Americans will consume a lot of food and beer during this Sunday’s Super Bowl XLIX between the Seattle Seahawks and the New England Patriots – 3 billion bottles of beer, 70 million pounds of avocados, 30 million pounds of chips, 6 million pizzas, 5 million pounds of pretzels, 4 million pounds of popcorn, 3 million pounds of nuts, and 50 million pounds of “other”. The amount of chemical energy that will be released by passage of this mass of foodstuffs through a hundred and ten million intestinal tracks will equal to the total output of America’s 100 nuclear power plants during the game.

Hiroshima Syndrome
Post from Leslie Corrice
    On Monday, a worker at F. Daiichi fell from the top of a wastewater storage tank and died. One of the causes was Tepco continually building more and more tanks to store these waters. NRA Chair Shunichi Tanaka told Tepco to start the wastewater discharges as soon as possible, before someone else gets hurt.

Two different blog website by Meredth Angwin
Post on Northwest Clean Energy Blog
    Washington state legislators are considering bills to allow nuclear energy to be considered part of Washington’s required “alternative clean air energy.” Indeed, Washington state has always been a clean air pioneer, and increased nuclear energy will continue that tradition. In contrast, increasing the numbers of wind turbines will soon require fossil (gas turbine) back-up. Washington’s excellent hydro resources are already strained to provide balancing for the existing wind.
Post on Vermont Yankee
    This post describes the background of an upcoming “Citizens Decommissioning Advisory Panel” meeting in Brattleboro. Anti-nuclear activists want Entergy to keep all Emergency Planning Zone funding in place for a long time. After all, there is still fuel on the site. Emergency planning until Gibraltar crumbles?

Neutron Bytes
Post from Dan Yurman
    Dan Yurman discusses the conservativeness and reluctance to bring nuclear back online after Fukushima. Also America’s , Russia’s and Japan’s involvement with Viet Nam’s nuclear energy plans.

Carbon Pricing in Ontario set for Spring 2015

I hear this and automatically wonder why now just after shutting down coal plants. My other concern is that electric cars don’t have charging stations so that seriously affects EV car sales. Maybe the taxes collected should go towards these charging stations.

Ontario to Unveil Carbon Pricing Plan this Spring

Who’s been courting China? Canadian Nuclear Industry

Recent announcements about Canada and China making deals to further China’s interest in accelerating their nuclear power plant expansion have been getting little notice. And some news coverage of Ontario’s energy policy costing us $1 Billion more than necessary. The Memorandum of Understanding was recently signed Nov 8 “between Natural Resources Canada and the China National Energy Administration to advance collaboration between the two countries in the field of civilian nuclear energy including development of advanced fuel reactors and exports to third markets. The same day, Candu signed a framework joint venture (JV) agreement with China National Nuclear Corporation (CNNC) to build Advanced Fuel CANDU Reactor (AFCR) projects in China and develop opportunities for it globally. This followed a positive recommendation earlier this week from a Chinese Expert Panel Review on AFCR technology which concluded the proper time should be chosen to “initiate the construction of AFCR to unlock and utilize its various advantages.”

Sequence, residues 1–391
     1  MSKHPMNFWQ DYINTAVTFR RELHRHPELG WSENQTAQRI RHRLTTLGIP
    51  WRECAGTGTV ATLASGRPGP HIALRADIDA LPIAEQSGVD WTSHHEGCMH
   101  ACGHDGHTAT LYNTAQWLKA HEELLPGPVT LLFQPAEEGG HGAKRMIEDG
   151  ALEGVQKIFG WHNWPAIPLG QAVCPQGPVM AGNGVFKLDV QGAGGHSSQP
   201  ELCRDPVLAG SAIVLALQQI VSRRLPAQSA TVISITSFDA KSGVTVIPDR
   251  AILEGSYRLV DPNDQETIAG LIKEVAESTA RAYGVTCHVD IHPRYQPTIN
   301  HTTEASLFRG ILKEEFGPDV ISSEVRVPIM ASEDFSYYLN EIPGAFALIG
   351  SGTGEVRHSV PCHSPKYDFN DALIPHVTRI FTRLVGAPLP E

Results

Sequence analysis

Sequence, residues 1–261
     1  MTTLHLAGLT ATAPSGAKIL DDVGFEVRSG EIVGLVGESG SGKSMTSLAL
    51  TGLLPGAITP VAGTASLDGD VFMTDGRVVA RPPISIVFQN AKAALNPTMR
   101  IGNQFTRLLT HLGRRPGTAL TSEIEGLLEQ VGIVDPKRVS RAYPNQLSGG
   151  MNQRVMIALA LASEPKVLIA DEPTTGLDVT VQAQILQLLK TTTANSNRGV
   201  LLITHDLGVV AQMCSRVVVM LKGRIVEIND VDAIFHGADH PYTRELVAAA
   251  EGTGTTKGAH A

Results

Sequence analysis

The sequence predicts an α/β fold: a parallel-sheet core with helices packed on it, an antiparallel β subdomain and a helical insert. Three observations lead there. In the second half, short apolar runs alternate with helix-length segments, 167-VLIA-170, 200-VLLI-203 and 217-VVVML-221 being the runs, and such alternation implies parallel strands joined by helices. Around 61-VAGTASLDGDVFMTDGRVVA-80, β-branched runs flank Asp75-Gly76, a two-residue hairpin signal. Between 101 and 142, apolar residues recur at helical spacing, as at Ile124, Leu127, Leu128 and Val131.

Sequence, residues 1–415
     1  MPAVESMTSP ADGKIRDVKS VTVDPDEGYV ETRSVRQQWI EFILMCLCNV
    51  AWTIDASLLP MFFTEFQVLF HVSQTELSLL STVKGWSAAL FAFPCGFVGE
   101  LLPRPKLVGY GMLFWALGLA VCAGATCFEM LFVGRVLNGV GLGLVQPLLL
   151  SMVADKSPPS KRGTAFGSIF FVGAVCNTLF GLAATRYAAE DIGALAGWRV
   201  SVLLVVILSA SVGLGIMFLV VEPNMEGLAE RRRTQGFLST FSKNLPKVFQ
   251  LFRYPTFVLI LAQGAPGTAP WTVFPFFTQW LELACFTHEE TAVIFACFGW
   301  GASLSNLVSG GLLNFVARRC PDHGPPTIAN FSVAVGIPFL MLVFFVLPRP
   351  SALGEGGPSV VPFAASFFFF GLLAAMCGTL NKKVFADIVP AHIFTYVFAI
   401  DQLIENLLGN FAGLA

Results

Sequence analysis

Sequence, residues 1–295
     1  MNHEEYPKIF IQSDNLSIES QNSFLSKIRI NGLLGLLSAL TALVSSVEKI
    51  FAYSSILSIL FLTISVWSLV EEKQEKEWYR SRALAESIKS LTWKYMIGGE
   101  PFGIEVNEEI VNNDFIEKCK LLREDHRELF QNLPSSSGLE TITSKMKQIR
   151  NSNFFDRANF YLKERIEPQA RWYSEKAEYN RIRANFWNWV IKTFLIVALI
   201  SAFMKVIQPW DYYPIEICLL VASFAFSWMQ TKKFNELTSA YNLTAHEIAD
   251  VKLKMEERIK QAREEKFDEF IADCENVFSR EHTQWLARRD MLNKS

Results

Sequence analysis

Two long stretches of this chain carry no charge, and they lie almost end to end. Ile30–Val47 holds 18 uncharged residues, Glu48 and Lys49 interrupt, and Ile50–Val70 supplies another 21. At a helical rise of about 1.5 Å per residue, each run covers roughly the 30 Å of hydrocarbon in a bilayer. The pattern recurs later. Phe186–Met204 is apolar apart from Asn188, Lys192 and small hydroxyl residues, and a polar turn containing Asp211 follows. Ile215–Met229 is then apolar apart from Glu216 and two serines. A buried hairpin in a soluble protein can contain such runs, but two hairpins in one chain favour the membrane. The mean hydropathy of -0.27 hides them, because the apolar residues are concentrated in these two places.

“Taken together, the MOU, framework JV and positive recommendation by a Chinese expert panel represents a new level of cooperation between Canada and China in the next wave of nuclear energy innovation,” said Preston Swafford, President & CEO, Candu Energy. “We look forward to working closely with CNNC in the development and pursuit of nuclear power generation projects in China and abroad using the new AFCR technology.”

The framework JV was signed in Beijing at the Great Hall of the People while in the presence of The Right Honourable Stephen Harper, Prime Minister of Canada and Li Keqiang, Premier of the People’s Republic of China”

CANDUs are known for their reliability and added safety at several levels. The versatility to handle different fuels is made possible in part from the heavy water moderated natural uranium fuel. They have much lower levels of fissile fuel than light water reactors. Countries that do not have a lot of Uranium are interested in CANDUs because the reactors can also run on the Thorium cycle. India is already implementing this approach and China hopes to do the same.

These negotiations mean a lot to Canada since growth for nuclear remains uncertain in our own country. The current political climate is mixed from province to province. Ontario puts too much faith in renewables. Ontario’s energy bills have recently cost the consumer $30 more monthly. This is related to the difficulty of adapting wind and solar to the grid. Without a framework to handle unpredictable power the consumer pays for that uncertainty. Subsidies given to wind and solar effectively cost us double because when the wind stops blowing or the sun stops shing natural gas is called upon to replace it. But since the deal is that renewables get paid for down time the public is effectively paying twice for this so-called green solution. Meanwhile nuclear can handle the extra load if given the chance.

Here is a higher res version of Canada’s OCI members:
oci-memberlist-nov2014-med

Also related story by Scott Luft: Candu Energy sees promising future (ColdairCurrents.luftonline.net) Nov. 10

German power companies demanding billions in damages over nuclear phaseout

JapanTimes.co.jp – Germany faces suits worth billions over nuclear phaseout

Thanks to FutureOfNuclear.com for finding this one:

“Germany’s phaseout of nuclear energy has triggered over 20 lawsuits by big power companies that have demanded billions of euros in damages, said a government paper released Tuesday.